Driving yet another nail into the coffin of the boss-reformer typology, Robert A. Burnham contends that the city "bosses" morphed into "managers" during the half-century between the end of Reconstruction and the onset of the Great Depression. Rejecting the possibility that this change in management styles was evolutionary, Burnham contends that it was rather the product of changing notions about the city and paralleled a similar transformation in private business administration. Focusing directly on the Queen City itself, co-editor Patricia Mooney Melvin examines the evolution of Cincinnati's neighborhood improvement associations between 1890 and 1940, and rejects the prevailing interpretation that neighborhoods and neighborhood organizing ceased to be significant loci of identification and action after World War I. Instead, she posits, the inter-war years were characterized by the rejection of the earlier organic model of the relationship between the city and its constituent parts and by the search for a metaphor with greater explanatory power for the "new city." Deliberately or inadvertently reinforcing Mooney Melvin's interpretation, Andrea Tuttle Kornbluh argues that the municipal recreation movement of the inter-war years not only promoted myriad leisure-time activities for urbanites, but also served as a type of community organizing focused on participatory democracy designed to empower ordinary citizens. Scrutinizing the words and deeds of both local and national recreation leaders, Tuttle Kornbluh lavishes special attention on their efforts to organize women and African- Americans.
In "Making History: The Search for Civic and Cultural Identity in an American New Town, 1940-1980," Bradley D. Cross argues that suburban Mariemont, faced with the threat of annexation by Cincinnati, incorporated itself as a village and built a new civic identity based upon a deliberately constructed "past" as a British hamlet, complete with English-style architecture, a town crier, and a double-decker bus. According to Cross, Mariemont's reinvention reflected a new conception of culture as a set of lifetyle choices in which the physical environment served as a platform in an individual search for cultural identity. Asserting that one can learn at least as much from failure as success, Charles F. Casey-Leineger attempts to draw significant lessons from Cincinnati's frustrated fair housing movement between 1945 and 1970. Although he attributes the movement's ultimate failure to a multiplicity of causes, he assigns primacy to "changes in social thought in the mid-1950s that emphasized individual choice and the need for self-determinism among the many groups in American society" (p. 7). In the final essay, Roger W. Lotchin pays specific tribute to "the Queen City and Its Historian," and judiciously assesses his mentor's importance as an urban historian. Lotchin carefully locates Miller's scholarship within its proper historiographical context and even-handedly discusses his contribution to our understanding of various aspects of the urban world and of the city as a whole. He also avers that one of Miller's greatest achievements was to make the study of urban history "civically responsible"--to make historians aware of their duties as citizens as well as scholars.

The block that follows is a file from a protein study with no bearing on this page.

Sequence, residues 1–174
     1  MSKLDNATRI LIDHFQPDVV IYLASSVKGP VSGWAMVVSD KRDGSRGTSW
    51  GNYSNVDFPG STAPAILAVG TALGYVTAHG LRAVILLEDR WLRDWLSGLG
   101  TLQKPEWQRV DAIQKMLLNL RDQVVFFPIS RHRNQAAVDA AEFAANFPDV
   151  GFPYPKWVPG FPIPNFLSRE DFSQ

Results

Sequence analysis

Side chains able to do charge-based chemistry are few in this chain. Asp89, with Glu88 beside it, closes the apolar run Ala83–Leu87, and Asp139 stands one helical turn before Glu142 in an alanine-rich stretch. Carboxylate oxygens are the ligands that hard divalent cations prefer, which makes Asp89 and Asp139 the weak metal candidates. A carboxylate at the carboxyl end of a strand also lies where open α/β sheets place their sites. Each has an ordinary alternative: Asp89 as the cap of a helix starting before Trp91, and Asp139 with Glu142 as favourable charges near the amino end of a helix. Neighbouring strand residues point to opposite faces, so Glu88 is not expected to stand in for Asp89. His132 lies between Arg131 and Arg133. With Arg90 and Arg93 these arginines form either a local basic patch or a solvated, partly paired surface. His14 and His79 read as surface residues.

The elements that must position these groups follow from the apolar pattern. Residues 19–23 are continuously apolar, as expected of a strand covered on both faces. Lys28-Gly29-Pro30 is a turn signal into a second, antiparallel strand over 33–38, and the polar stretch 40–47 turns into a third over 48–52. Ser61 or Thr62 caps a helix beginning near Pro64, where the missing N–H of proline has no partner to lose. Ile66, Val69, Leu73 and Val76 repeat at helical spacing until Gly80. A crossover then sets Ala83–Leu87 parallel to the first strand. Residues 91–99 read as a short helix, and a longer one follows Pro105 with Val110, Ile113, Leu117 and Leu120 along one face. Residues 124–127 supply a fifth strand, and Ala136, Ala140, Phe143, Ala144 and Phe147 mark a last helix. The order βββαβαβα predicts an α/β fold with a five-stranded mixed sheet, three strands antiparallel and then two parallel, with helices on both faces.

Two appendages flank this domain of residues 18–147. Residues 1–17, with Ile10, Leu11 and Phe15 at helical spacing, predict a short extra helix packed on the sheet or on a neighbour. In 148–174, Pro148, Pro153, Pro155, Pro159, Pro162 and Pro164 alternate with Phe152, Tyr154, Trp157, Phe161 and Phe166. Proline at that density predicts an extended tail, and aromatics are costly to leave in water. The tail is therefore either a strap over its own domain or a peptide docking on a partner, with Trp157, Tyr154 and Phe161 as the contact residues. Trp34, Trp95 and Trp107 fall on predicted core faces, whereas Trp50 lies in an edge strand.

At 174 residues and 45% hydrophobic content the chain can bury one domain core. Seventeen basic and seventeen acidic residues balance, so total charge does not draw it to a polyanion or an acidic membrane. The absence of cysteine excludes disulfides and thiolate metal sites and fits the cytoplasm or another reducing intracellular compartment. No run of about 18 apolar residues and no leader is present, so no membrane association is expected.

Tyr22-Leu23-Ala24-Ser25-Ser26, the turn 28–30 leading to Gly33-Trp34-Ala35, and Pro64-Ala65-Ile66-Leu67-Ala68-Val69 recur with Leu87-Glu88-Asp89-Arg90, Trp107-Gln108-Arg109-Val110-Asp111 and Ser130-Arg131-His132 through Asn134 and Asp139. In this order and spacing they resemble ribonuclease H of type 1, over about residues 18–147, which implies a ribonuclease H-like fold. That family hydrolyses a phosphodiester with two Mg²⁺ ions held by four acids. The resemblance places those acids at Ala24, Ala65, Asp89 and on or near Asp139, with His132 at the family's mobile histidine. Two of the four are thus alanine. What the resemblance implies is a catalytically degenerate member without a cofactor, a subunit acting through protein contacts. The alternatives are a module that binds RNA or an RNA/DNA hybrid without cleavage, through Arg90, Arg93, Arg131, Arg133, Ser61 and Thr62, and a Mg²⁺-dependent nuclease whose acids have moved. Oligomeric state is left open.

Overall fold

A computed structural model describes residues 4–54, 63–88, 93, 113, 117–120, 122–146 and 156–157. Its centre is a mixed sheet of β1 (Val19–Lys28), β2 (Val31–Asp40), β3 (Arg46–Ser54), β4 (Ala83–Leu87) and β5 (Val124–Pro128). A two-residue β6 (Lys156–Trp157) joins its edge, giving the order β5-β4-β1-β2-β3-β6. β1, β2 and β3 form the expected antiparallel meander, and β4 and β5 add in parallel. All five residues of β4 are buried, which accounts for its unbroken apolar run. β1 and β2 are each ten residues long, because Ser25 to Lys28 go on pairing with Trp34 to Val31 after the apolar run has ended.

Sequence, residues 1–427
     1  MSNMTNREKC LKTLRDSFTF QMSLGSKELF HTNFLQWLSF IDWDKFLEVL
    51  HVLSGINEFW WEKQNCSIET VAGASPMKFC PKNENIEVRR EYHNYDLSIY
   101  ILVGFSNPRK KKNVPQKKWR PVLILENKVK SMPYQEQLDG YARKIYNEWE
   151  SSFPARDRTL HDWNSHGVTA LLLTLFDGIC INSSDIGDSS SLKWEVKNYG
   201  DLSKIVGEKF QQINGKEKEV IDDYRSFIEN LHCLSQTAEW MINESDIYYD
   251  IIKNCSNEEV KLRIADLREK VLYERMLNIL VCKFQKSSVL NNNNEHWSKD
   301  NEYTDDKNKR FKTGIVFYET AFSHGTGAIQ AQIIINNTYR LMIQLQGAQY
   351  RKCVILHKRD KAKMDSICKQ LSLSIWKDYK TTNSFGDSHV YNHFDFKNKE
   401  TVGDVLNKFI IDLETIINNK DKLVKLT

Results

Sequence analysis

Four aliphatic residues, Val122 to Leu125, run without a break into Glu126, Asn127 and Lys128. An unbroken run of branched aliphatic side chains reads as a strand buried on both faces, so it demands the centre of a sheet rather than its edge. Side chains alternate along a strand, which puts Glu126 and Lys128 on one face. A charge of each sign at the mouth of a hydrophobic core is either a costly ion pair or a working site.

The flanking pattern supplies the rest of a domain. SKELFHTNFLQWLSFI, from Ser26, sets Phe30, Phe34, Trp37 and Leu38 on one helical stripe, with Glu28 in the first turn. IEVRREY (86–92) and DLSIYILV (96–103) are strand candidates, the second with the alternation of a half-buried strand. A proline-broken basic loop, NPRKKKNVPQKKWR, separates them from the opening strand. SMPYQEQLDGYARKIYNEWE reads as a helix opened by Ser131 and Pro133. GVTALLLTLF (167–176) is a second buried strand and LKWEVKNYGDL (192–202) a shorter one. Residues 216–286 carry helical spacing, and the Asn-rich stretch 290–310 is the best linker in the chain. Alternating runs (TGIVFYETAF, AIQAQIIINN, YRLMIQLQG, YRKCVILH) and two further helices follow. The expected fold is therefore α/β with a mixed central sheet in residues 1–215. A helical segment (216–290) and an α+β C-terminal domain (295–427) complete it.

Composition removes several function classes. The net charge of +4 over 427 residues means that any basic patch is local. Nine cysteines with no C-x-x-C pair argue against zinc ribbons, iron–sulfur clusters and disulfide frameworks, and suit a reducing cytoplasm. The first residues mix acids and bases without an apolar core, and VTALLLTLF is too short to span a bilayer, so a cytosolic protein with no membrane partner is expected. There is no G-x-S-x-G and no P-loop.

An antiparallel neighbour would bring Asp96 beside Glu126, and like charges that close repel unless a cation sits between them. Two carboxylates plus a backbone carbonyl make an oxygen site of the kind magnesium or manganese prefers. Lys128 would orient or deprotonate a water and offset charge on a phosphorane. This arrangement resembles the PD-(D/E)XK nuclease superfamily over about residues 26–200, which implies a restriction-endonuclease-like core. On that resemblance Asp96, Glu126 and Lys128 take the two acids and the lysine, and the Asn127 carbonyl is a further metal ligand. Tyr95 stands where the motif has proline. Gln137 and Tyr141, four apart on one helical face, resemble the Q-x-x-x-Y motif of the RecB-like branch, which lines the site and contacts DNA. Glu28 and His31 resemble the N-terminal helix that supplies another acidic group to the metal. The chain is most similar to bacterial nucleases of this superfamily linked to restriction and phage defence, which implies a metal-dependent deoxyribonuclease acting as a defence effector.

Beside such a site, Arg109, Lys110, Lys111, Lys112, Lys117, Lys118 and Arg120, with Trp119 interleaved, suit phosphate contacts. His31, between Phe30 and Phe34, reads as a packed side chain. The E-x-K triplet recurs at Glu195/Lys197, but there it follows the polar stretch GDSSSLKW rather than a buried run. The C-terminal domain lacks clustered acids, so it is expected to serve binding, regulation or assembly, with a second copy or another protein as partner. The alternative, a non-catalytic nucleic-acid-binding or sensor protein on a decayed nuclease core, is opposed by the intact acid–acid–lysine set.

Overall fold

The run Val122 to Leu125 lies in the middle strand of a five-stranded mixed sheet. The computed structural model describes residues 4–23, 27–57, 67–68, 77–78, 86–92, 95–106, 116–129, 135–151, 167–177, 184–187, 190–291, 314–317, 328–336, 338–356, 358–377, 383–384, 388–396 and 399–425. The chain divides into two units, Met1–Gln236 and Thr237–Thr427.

It is unlikely that very many historians who emphasize adaptation to such vast impersonal forces as industrialization and immigration as the key to understanding change and reform, or who stress social conflict rather than consensus, will be persuaded to adopt the authors' conceptual framework. A few may even conclude that some of the contributors have allowed that conceptual framework to predetermine their interpretation of the evidence. Nearly everyone, however, will almost certainly find these essays to be intellectually stimulating, well-crafted, and a worthy tribute to one of the seminal thinkers of the urban history discipline.
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John D. Buenker. Review of Fairbanks, Robert B.; Mooney-Melvin, Patricia, eds., Making Sense of the City: Local Government, Civic Culture, and Community Life in Urban America.
H-Urban, H-Net Reviews.